The majority of the film is set within the Blind Man's home as he and his targets play an extended, deadly game of cat and mouse. As Evil Dead proved, Alvarez is not one to pull punches, and he puts his younger characters through a night of absolute hell, dangling freedom in front of them repeatedly and then cruelly snatching it away, throwing in twists and turns along the way to keep things interesting.

As the night goes on, the Blind Man is shown to be more and more detestable... and he becomes seriously irritating. He is the definition of relentless as he goes after these kids, repeatedly thwarting them, overpowering them, and attempting to kill them. This isn't a guy who is just going to stalk people with a bladed weapon, either. He uses guns and does not hesitate to send bullets flying, and I got extremely annoyed at the amount of bullets he was firing in the general direction of these intruders we end up caring so much about.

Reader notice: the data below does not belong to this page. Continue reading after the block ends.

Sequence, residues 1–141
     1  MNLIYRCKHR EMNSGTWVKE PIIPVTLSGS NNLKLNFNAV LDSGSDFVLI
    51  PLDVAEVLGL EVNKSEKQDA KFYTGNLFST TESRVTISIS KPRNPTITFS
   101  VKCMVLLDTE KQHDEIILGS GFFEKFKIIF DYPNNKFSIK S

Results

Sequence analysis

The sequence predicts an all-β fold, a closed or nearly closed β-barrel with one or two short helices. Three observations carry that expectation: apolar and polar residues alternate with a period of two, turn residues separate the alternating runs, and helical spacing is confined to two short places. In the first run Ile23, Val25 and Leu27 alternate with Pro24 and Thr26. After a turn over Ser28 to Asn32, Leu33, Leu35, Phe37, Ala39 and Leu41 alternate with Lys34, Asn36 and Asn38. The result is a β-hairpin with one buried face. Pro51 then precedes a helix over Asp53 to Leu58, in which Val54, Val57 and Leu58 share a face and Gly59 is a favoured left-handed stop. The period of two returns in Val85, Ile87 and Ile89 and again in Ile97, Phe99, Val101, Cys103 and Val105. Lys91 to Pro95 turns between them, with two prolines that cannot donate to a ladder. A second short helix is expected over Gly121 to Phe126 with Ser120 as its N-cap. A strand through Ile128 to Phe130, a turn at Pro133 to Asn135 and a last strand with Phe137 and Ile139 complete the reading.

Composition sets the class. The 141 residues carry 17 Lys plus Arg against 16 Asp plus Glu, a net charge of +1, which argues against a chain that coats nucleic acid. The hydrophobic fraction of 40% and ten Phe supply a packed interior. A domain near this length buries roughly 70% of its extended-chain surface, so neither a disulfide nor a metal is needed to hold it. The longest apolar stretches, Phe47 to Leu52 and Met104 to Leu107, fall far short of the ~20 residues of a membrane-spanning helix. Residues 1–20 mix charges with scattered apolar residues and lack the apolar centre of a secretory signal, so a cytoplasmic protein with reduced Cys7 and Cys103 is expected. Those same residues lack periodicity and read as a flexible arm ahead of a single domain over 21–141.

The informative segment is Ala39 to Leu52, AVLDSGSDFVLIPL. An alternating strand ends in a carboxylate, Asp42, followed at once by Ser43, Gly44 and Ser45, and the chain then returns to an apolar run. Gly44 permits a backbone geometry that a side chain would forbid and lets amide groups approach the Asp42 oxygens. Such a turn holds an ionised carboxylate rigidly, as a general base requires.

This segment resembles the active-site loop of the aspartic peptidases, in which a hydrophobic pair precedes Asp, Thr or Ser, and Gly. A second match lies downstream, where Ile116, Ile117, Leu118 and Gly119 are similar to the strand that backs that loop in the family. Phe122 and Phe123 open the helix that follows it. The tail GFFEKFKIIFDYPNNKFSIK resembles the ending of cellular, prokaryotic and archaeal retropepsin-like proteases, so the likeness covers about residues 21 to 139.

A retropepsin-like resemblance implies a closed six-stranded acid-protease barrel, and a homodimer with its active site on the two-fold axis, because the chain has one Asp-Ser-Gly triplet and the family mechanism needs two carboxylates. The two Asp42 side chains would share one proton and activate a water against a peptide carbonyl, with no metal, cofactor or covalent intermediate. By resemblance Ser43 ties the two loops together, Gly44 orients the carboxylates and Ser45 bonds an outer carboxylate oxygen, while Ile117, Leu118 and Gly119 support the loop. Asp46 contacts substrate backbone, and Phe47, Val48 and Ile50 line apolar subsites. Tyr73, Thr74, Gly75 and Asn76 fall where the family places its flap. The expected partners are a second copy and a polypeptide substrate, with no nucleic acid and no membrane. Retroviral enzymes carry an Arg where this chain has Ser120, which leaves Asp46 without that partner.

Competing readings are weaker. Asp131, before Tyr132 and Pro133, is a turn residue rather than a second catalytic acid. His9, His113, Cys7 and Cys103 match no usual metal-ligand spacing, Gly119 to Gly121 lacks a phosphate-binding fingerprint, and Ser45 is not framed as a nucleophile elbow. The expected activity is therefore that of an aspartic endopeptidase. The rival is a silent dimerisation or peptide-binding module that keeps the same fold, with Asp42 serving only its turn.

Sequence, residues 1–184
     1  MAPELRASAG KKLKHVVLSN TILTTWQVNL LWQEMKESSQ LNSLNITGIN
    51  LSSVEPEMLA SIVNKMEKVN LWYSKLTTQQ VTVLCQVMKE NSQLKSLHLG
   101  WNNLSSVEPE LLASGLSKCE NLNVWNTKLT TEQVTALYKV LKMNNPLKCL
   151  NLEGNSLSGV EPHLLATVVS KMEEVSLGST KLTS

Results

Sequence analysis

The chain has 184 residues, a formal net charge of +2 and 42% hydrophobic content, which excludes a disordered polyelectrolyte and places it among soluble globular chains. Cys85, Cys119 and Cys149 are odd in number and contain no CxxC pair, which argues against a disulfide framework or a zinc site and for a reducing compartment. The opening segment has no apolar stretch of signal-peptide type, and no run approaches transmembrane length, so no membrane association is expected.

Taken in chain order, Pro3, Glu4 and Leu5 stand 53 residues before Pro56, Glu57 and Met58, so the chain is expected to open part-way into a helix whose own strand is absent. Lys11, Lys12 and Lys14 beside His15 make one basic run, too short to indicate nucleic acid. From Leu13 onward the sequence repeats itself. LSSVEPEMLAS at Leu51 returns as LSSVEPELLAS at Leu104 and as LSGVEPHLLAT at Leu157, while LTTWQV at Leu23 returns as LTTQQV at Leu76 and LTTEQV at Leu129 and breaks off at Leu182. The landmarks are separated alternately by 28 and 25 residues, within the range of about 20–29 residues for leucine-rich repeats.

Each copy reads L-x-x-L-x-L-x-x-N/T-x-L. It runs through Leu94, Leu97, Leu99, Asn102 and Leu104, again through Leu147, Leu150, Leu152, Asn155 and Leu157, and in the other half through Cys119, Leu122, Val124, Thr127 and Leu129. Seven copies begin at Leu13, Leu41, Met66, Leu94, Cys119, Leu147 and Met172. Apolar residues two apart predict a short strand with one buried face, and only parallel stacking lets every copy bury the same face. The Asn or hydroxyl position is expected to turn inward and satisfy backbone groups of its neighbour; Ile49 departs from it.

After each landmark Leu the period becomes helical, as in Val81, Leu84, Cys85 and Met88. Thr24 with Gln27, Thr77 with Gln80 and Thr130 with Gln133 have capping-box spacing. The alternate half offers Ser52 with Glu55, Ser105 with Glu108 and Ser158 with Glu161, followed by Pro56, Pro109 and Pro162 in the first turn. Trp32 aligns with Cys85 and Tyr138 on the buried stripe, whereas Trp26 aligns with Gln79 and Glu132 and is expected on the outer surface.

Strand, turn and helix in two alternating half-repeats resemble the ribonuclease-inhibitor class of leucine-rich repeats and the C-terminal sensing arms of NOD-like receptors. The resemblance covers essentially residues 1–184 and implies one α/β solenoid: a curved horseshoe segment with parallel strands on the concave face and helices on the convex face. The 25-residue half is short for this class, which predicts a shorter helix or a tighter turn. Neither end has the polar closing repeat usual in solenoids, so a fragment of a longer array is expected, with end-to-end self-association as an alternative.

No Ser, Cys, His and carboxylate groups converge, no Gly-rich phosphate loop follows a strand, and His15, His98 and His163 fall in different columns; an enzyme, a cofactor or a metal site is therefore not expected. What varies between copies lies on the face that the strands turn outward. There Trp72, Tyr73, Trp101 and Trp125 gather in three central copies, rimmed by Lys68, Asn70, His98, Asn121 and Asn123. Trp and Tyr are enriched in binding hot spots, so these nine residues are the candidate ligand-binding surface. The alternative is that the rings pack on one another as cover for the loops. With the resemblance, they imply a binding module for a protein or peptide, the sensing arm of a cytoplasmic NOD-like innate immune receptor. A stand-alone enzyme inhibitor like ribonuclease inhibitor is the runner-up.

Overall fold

I will admit that there are some serious lapses in logic within the story of this film, but Alvarez put his characters through such an engaging harrowing experience that I was fully willing to suspend disbelief and just soak up the tension that was being created on the screen. As I said, there were moments in here that had my heart pounding, and it is very rare for a movie to evoke a reaction like that from me. Watching Don't Breathe was a great time.


There has always been a political factor to writer/director James DeMonaco's Purge franchise, which is set in a future where crime rates in the United States have been wiped out by the institution of "Purge Night", an annual twelve hour period during which all crime is legalized. The idea is that it allows people to get their criminal urges out of their system, then they're good to go for the next year. What some in the country have come to realize is that the Purge generates profit for the wealthy while having the harshest impact on the poor population, which has led to protests and riots as citizens try to overthrow the "New Founding Fathers", the politicians who created the Purge and have been ruling the country for twenty-five years.